I’ve had a Sony Ericsson Z520a phone for a little under a year now, and as it’s still widely available through cellular carriers, I thought I’d write up my experiences with it. I’m writing in part as a reaction to the weakness of phone review web sites, which tend to publish reviews from people who’ve had their phones for somewhere between an hour and a month. The reviews thus rarely shed any light on the medium- to long-term issues of using the phones they cover, instead clustering around the same few obviously good or bad points that immediately come to light. Case in point: CNET’s review of the Z520a, which cites the crummy picture quality, but doesn’t note much else, and gives the phone a “very good” rating. First, a few positive observations. Call quality is generally decent, and I’ve had fewer problems with dropout than with my previous phone. Battery life is impressive, at about five days, and it hasn’t diminished noticeably over the year I’ve been using the phone. The phone’s user interface is only indifferently responsive. It takes a perceptible fraction of a second to respond to keypresses. The lag isn’t enough to be a serious problem; it’s more of a peeve. The Z520a is a clamshell phone, and it’s surprisingly difficult to open with one hand. This is due to two design flaws. The grooves in the fold of the phone are small enough to require both precision and force to insert the inside of a thumb to start the opening process. Once you’ve cracked the shell open, the mechanism is unsprung, and requires constant application of force to open it fully. This makes the phones much more difficult to open than similar models from other manufacturers, such as Motorola. What drives me absolutely crazy, though, are the side operation buttons. Thanks to Sony Ericsson’s fine design, I take upwards of half a dozen photos of the inside of my pocket every day. As if that weren’t insult enough, the volume control rocker button can’t take the abuse of sitting in a pocket, and my “increase volume” button no longer works at all. I somehow managed to avoid fat-fingering the “decrease volume” side of the rocker for about a month after this happened, but the inevitable eventually occurred, and my phone is now stuck permanently at minimum talk volume. And the only way I can even monkey with the volume is to use those buttons during a call (they do nothing useful when the phone is in standby mode); there’s no redundancy in the design, and I have to use up my miserly supply of minutes to even try. I also have some sour words for AT&T’s mangling of the user interface. At every level of menu hierarchy, the first option I’m presented with is to visit AT&T’s mobile web site to buy ringtones, pictures (who the hell buys pictures from their cellular provider?), and other stuff I don’t want. And accidentally fat-fingering such a menu item means that I’m paying for the data transfer involved. Bah. Really, though, all other opinions I have of the phone are overshadowed by its fragility, the result of which is that I can no longer hear anything during a call unless I’m in an empty, silent room. If it weren’t for the side controls, I’d actually call it a reasonably decent phone, but it snatches defeat from the jaws of victory to get a default score of “crap” instead.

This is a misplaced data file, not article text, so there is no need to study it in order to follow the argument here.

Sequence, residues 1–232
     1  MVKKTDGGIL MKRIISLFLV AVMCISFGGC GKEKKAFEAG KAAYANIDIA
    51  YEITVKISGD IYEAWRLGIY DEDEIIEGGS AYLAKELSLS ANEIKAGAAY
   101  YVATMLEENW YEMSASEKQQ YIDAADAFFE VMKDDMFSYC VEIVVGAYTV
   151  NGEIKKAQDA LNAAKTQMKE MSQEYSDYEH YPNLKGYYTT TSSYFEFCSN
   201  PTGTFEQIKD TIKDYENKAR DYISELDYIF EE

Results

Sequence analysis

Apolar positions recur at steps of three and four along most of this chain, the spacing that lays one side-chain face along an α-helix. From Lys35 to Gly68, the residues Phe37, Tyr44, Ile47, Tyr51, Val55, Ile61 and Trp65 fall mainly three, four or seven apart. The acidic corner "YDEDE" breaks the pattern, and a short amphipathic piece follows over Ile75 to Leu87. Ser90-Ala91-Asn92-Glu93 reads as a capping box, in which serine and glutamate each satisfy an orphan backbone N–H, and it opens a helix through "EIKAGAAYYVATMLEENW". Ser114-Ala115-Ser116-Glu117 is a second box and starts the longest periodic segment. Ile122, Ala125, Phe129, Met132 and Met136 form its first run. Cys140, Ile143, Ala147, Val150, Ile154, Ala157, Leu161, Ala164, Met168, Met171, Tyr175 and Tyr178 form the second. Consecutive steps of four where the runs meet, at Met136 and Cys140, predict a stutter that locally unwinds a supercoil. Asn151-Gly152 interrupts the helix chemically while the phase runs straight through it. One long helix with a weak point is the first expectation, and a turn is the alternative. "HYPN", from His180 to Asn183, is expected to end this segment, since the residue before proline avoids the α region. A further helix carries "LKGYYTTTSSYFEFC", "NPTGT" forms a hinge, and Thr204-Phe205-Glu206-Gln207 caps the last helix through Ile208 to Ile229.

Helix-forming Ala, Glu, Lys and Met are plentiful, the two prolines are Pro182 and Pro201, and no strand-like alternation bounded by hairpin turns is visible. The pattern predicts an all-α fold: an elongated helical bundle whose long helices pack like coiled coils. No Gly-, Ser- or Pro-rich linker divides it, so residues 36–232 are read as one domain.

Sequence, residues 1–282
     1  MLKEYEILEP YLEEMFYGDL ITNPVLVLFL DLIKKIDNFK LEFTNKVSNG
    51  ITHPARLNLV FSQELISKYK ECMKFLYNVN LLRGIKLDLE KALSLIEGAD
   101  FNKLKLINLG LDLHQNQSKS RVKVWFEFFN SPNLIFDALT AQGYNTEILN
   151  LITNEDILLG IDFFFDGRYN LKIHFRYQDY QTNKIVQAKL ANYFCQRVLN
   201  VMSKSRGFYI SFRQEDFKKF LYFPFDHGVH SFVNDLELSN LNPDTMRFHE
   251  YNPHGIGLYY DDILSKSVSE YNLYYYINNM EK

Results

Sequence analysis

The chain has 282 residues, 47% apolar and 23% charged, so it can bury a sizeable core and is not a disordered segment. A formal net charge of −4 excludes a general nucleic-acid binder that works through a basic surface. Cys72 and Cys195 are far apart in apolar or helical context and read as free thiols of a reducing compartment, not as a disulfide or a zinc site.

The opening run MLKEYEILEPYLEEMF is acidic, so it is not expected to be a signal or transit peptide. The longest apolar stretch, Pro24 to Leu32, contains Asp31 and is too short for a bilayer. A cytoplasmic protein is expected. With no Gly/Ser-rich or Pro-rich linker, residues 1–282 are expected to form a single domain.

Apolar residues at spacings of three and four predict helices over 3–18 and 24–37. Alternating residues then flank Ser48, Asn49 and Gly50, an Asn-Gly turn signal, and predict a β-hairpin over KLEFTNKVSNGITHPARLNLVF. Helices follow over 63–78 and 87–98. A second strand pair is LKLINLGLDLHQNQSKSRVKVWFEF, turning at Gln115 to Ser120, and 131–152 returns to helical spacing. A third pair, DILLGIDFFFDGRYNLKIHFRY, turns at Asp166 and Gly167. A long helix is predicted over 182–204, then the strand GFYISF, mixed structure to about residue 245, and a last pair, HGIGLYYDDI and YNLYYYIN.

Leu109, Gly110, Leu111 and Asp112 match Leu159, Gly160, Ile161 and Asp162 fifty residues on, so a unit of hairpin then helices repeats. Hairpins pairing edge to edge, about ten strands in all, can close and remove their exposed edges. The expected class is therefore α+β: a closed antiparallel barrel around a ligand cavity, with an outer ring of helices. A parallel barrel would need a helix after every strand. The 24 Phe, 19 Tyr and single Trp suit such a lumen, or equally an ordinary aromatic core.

Posted in hardware